“When I came to Christ, I wanted to tell everybody about Him. He was the one person I felt all my friends needed to know, and I even saw one or two of them come to Christ. Yet now that I’ve been a Christian for ten years, I just don’t have the same excitement for sharing Christ. I hate to admit it, but I really don’t care whether I talk to unbelievers or not.”
This kind of confession is very common among believers. The condition behind confessions like these often ranges from not taking time to spend with unbelievers to not feeling concern about their eternal destiny. These Christians should be complimented for confessing something that is far easier to deny. Realizing their lack of compassion, they often ask: “How can I regain my concern for lost people?”
A few simple, practical ideas can cause a world of change in regaining this concern for unbelievers.
Draw Closer to Jesus
We must recognize that unconcern for unbelievers is—at least in part—a spiritual growth issue. If we take the Scriptures at face value, there is simply no way of getting close to Christ without seeing how much He cares for those for whom He died. Luke 19:10 is quite explicit: “For the Son of Man has come to seek and to save that which was lost.”
In light of that clear statement, is it possible to get close to the Master’s heart without getting close to the Master’s mission? Consider Matthew 4:19 where Christ extended the invitation, “Follow Me, and I will make you fishers of men.”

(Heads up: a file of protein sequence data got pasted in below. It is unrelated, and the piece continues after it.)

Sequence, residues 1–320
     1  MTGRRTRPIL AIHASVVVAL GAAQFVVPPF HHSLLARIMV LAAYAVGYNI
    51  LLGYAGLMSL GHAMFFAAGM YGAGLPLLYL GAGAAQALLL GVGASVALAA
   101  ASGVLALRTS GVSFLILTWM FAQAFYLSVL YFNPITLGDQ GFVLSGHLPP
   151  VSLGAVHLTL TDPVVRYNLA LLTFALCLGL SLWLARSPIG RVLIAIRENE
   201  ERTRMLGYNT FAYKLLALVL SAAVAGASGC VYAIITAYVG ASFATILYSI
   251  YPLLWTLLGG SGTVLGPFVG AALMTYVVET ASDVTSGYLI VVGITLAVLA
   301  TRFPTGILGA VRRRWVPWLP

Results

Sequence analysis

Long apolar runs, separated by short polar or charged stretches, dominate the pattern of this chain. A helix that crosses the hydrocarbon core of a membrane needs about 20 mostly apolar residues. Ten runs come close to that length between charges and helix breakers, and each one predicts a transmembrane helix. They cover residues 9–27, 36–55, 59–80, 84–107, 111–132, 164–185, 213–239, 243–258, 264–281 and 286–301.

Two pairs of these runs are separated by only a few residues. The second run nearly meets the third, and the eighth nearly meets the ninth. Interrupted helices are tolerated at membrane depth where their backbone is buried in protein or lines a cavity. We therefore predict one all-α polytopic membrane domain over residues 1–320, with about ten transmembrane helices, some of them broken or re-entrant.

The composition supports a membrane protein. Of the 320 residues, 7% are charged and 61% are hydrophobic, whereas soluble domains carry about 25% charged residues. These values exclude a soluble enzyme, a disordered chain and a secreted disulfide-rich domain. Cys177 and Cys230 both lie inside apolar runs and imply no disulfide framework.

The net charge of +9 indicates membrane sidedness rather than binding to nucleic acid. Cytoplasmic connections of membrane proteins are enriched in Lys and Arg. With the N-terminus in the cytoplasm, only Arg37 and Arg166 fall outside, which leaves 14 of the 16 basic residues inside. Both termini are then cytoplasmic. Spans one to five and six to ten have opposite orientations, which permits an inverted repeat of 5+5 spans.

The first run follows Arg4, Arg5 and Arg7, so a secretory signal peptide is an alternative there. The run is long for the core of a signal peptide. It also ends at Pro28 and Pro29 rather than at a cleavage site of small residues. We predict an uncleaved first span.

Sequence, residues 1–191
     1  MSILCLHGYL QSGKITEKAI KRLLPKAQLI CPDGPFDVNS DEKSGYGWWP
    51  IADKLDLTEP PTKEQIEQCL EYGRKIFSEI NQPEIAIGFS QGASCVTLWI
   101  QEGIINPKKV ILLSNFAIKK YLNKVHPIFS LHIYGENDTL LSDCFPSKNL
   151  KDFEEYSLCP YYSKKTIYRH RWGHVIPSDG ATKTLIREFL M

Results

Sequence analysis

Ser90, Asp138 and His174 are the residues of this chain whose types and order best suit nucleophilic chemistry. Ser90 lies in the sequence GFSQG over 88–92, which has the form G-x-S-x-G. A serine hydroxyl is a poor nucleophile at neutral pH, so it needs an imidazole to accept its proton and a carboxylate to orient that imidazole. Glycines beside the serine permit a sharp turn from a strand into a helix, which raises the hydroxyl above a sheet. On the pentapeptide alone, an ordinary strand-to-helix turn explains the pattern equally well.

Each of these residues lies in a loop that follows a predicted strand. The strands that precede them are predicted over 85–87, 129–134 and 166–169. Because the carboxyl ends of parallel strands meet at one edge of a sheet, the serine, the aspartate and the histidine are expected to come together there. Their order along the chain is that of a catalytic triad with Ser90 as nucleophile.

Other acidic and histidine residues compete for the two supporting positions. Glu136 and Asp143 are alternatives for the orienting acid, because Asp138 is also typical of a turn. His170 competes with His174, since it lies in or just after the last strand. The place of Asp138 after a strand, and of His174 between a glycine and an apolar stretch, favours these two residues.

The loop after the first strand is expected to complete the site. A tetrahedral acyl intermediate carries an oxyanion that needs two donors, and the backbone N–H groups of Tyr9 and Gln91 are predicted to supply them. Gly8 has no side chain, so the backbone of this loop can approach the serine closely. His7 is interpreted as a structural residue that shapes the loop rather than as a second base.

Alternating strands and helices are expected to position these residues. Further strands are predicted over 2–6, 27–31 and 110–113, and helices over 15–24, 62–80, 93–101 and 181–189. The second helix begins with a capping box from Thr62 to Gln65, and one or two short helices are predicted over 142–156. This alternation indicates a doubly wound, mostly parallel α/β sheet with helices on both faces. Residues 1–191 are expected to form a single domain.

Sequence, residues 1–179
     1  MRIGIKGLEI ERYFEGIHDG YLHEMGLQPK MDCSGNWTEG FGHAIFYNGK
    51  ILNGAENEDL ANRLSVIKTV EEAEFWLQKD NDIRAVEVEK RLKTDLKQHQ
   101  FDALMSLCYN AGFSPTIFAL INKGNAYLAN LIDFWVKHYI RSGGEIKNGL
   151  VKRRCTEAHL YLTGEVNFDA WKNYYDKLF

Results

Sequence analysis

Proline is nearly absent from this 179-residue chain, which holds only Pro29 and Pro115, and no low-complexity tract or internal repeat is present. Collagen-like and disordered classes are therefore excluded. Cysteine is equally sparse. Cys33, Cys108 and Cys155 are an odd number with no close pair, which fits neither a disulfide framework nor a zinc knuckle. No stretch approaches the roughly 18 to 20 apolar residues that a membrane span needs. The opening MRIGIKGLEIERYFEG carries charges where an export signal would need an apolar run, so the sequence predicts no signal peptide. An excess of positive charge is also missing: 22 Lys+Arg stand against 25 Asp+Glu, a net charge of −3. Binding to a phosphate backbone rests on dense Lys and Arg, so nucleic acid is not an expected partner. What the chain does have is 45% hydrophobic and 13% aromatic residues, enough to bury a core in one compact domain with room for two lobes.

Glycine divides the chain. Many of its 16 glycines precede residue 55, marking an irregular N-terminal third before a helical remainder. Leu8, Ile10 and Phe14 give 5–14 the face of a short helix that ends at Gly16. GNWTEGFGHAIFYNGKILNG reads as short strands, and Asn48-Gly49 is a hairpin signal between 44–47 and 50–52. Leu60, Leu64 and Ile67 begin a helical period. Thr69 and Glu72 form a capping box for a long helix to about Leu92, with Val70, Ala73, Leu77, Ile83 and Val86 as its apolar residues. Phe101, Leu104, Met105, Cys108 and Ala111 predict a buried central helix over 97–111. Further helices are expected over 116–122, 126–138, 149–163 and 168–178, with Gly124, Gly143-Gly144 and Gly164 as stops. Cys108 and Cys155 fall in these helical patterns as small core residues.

How, then, can we follow closely in His footsteps without being captivated by His concern for the lost? If we would like to think of ourselves as growing Christians, a good biblical barometer of our growth would be, “How concerned am I for lost people?”
Does that mean if we do not witness to one person a day, we are not close to Christ and have no concern for the lost? Not for a moment. He wants our lives to be motivated by relationships, not regulations. It is to say, however, that if we draw close to Jesus Christ, we will find His concern for the lost rubbing off on us.
Known as the friend of sinners, His whole life revolved around lost people. Since they are so close to His heart, the closer we draw to Him, the closer we draw to the people for whom He died.
Therefore, we ought to ask ourselves the question, “Are we spending the time daily getting to know Christ better, talking to Him through prayer, and letting Him talk to us through the Scriptures?” Or are we like Martha in Luke 10 who was so “worried and troubled about many things” that she neglected just sitting down and talking to Him and letting Him talk to her?
A genuine, growing relationship with Him should lead to a growing closeness to non-Christians.